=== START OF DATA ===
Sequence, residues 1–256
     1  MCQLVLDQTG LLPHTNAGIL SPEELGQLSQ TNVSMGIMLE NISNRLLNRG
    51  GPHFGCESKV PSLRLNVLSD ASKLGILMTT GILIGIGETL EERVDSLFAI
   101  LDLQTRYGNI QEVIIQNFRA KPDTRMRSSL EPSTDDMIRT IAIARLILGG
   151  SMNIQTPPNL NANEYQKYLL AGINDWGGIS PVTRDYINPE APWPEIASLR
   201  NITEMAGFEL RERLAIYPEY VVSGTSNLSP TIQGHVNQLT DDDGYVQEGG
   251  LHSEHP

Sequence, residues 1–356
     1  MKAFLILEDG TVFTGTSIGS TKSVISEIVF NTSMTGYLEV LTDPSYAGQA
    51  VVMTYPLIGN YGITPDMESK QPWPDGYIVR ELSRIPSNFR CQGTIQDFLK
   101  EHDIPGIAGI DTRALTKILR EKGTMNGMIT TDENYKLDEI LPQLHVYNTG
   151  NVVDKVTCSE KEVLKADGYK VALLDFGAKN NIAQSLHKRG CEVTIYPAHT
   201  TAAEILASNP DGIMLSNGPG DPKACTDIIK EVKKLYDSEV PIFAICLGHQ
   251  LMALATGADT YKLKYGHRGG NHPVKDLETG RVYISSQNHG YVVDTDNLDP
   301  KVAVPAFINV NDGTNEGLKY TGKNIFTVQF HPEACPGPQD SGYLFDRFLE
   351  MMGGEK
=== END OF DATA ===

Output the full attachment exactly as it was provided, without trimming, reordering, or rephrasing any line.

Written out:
Sequence, residues 1–256
     1  MCQLVLDQTG LLPHTNAGIL SPEELGQLSQ TNVSMGIMLE NISNRLLNRG
    51  GPHFGCESKV PSLRLNVLSD ASKLGILMTT GILIGIGETL EERVDSLFAI
   101  LDLQTRYGNI QEVIIQNFRA KPDTRMRSSL EPSTDDMIRT IAIARLILGG
   151  SMNIQTPPNL NANEYQKYLL AGINDWGGIS PVTRDYINPE APWPEIASLR
   201  NITEMAGFEL RERLAIYPEY VVSGTSNLSP TIQGHVNQLT DDDGYVQEGG
   251  LHSEHP

Sequence, residues 1–356
     1  MKAFLILEDG TVFTGTSIGS TKSVISEIVF NTSMTGYLEV LTDPSYAGQA
    51  VVMTYPLIGN YGITPDMESK QPWPDGYIVR ELSRIPSNFR CQGTIQDFLK
   101  EHDIPGIAGI DTRALTKILR EKGTMNGMIT TDENYKLDEI LPQLHVYNTG
   151  NVVDKVTCSE KEVLKADGYK VALLDFGAKN NIAQSLHKRG CEVTIYPAHT
   201  TAAEILASNP DGIMLSNGPG DPKACTDIIK EVKKLYDSEV PIFAICLGHQ
   251  LMALATGADT YKLKYGHRGG NHPVKDLETG RVYISSQNHG YVVDTDNLDP
   301  KVAVPAFINV NDGTNEGLKY TGKNIFTVQF HPEACPGPQD SGYLFDRFLE
   351  MMGGEK